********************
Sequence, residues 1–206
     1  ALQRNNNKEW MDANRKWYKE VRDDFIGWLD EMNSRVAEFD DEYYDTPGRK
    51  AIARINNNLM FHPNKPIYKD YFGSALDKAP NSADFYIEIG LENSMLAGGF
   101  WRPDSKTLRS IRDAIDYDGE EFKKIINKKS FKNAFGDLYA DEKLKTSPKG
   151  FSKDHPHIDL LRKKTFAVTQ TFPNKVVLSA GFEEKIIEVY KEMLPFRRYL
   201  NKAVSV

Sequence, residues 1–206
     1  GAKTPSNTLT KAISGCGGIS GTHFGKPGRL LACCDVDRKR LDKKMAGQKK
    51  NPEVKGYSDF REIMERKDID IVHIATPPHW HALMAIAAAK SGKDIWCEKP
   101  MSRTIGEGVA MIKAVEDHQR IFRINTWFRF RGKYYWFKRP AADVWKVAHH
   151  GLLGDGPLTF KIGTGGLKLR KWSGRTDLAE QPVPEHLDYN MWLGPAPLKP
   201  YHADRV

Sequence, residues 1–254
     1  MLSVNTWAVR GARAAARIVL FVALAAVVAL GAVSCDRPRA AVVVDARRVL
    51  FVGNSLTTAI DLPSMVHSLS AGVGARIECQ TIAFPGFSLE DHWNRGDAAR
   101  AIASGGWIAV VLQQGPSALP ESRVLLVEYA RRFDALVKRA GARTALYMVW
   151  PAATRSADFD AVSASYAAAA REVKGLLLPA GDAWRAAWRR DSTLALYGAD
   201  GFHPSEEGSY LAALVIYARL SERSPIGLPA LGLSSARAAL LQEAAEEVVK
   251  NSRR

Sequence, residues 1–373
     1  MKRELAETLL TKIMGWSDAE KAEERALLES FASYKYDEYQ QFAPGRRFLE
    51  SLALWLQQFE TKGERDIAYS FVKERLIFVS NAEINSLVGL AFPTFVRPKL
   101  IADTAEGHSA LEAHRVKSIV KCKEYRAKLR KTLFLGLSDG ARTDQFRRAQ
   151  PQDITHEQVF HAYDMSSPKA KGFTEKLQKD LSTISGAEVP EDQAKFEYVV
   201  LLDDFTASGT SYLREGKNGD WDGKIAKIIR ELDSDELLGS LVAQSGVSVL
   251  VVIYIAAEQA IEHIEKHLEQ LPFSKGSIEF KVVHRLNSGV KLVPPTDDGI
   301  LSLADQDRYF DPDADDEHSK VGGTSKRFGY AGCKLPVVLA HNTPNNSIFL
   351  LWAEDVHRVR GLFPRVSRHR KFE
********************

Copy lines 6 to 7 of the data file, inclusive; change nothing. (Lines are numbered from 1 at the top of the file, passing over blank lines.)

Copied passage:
   201  NKAVSV

Sequence, residues 1–206